“A painting is really the first form of virtual reality, a two-dimensional illusionary plane that implies fictitious space and color; for me there is nothing more radical than that,” the artist said in a statement.
Watermill Show and Residency
The Watermill Center is now taking applications for its Fall 2012/Spring 2013 residency program for artists of all disciplines, who create collaborative works that “investigate, challenge, and extend the existing norms of performance practice.”
The program, from September to June, gives artists the opportunity to live and work at the Watermill Center. Each residency varies in length according to artists’ and project needs, typically between one week and six. An interdisciplinary committee of artists, academics, and cultural leaders meets in July to select those who will be invited to attend. More information is available at the Watermill Center Web site.
Robert Wilson’s video portraits can be seen briefly in Manhattan through next Thursday, each night in Times Square. The digital gallery runs from 11:57 p.m. to midnight across 20 signs. The portraits include actors, artists, dancers, writers, athletes, and animals.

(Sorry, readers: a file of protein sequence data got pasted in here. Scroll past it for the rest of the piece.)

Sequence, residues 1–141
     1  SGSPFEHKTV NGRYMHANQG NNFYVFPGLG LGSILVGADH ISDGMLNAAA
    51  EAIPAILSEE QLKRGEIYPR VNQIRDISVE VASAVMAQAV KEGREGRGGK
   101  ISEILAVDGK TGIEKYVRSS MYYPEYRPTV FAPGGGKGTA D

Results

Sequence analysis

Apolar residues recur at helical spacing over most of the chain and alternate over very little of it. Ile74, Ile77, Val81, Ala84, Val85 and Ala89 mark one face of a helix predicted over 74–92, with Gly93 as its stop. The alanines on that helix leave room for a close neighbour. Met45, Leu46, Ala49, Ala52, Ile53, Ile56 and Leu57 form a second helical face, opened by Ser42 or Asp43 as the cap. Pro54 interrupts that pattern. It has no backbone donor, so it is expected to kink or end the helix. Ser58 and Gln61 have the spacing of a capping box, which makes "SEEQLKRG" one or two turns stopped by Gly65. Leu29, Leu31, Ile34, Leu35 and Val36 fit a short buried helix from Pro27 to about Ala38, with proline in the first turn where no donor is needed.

New at Tulla Booth
The Tulla Booth Gallery will present “Gallery Favorites Summer 2012” beginning on Saturday with a reception from 6 to 8 p.m. John Margarites, Blair Seagram, Bob Tabor, and Stephen Wilkes are featured. The show will be on view through June 26.
Raymond in Amagansett
Paintings by Anne Raymond, an East Hampton artist whose luminous and diffused oils on canvas evoke the South Fork landscape, can be seen at Sylvester & Co. at Home, an Amagansett furnishings store on Main Street, through the July 4 weekend. Ms. Raymond’s show of 24 paintings is her first at Sylvester. Her work is in the permanent collections of the Museum of Fine Arts in Boston and the Blanton Museum of Art at the University of Texas, Austin. There will be a reception for her at the store Sunday from 6 to 8 p.m.